4. Securing smartphone and tablets with a screen lock – this will provide an extra layer of security to the device.

5. Back-up important data regularly – safeguard important data such as photos and key documents by backing them up to an external hard drive or a cloud-based storage system.

6. Try to avoid using public Wi-Fi to transfer sensitive information such as card details when purchasing online. Hackers can set-up fake WiFi hotspots, which might enable them to intercept sensitive information.

7. Beware of a common scams. One of the most common is fraudsters phoning and claiming to be from a well-known IT company, asking you to follow a few simple instructions to get rid of a virus, update your software etc. What they are really trying to do is gain access to your personal details. Legitimate companies never contact customers in this way. Never respond to a phone call from someone claiming that your computer has a virus. If you get a call like this, hang up straight away.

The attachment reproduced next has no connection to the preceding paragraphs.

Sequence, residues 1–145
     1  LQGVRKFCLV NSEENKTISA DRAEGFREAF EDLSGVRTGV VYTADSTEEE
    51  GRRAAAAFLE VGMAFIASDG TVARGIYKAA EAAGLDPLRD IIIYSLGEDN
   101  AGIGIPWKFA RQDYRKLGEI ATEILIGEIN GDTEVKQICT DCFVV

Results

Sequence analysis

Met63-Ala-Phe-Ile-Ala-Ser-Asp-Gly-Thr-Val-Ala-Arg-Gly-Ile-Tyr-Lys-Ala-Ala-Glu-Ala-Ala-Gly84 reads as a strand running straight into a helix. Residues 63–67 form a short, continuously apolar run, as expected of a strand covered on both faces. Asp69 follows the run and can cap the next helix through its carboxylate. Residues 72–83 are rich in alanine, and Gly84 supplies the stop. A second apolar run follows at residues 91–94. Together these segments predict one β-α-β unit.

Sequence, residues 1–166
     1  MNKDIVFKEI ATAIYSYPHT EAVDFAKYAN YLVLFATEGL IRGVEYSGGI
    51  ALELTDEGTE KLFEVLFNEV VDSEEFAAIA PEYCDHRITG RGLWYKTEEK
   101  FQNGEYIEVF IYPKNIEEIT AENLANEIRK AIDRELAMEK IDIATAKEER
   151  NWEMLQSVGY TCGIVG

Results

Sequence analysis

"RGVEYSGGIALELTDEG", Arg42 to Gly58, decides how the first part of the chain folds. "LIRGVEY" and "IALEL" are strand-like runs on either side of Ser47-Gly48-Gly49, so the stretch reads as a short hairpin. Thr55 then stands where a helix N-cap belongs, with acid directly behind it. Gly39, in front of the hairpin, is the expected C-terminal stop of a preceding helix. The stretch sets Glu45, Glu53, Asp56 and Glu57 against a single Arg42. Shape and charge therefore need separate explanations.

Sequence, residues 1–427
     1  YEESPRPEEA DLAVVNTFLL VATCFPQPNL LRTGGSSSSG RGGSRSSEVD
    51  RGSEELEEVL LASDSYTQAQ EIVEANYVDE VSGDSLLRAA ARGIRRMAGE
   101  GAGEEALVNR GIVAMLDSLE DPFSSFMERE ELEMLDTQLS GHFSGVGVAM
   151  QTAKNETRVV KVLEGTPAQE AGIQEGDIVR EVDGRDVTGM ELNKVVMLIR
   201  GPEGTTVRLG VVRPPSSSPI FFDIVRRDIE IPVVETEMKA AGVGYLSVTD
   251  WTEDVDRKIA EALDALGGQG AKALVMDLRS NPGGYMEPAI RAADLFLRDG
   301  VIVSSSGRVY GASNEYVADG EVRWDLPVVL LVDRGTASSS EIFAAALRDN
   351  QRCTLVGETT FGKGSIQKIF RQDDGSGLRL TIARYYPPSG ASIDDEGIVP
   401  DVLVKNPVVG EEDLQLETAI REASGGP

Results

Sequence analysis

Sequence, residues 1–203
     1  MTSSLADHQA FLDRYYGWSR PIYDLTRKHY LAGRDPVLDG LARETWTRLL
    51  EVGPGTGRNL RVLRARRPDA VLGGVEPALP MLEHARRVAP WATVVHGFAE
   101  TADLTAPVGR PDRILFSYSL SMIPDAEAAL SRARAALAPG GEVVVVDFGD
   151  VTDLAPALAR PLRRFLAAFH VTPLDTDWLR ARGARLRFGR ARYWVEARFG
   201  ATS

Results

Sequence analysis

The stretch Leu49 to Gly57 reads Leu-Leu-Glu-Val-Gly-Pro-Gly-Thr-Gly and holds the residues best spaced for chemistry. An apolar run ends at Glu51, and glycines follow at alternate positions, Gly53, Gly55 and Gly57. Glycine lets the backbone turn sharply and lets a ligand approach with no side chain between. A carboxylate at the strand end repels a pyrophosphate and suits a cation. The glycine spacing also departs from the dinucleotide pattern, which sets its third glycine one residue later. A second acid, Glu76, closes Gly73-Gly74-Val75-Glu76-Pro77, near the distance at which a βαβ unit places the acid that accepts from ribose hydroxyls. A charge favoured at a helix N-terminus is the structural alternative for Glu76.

Spotting the Early Signs of Dementia
We are all unique, and so is dementia. It affects people differently so no two people will have symptoms that develop in exactly the same way. However, while there is no standard “check list” for dementia, there are similar symptoms between those that develop the condition between Alzheimer's disease and other types of dementia.

The most common signs of dementia

Declining memory
It’s fair to say that most of us are forgetful from time-to-time! We might misplace our keys or wallet, or on occasion forget the name of someone or something. With dementia, these little moments become a little more common and sometimes more concerning. Often it’s not just a name that’s out of reach but who a person is, or perhaps the route home becomes a challenge to remember.